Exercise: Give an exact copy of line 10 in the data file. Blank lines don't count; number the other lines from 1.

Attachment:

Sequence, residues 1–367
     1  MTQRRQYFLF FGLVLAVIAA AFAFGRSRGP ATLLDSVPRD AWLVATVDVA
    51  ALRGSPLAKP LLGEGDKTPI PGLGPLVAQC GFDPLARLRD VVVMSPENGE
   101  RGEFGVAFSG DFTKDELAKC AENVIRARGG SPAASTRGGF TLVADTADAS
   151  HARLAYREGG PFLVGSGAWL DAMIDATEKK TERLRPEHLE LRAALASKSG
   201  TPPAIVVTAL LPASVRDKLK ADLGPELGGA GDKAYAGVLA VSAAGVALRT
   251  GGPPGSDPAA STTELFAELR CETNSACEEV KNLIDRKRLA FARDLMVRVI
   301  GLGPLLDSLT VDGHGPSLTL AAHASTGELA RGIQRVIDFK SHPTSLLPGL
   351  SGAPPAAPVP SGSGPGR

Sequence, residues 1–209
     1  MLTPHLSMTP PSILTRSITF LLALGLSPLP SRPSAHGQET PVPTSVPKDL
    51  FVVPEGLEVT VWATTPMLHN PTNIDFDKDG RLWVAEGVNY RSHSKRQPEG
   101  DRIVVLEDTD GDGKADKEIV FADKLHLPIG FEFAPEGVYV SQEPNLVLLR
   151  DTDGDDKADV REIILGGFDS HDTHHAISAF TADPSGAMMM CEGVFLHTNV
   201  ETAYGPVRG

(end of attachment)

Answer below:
Sequence, residues 1–209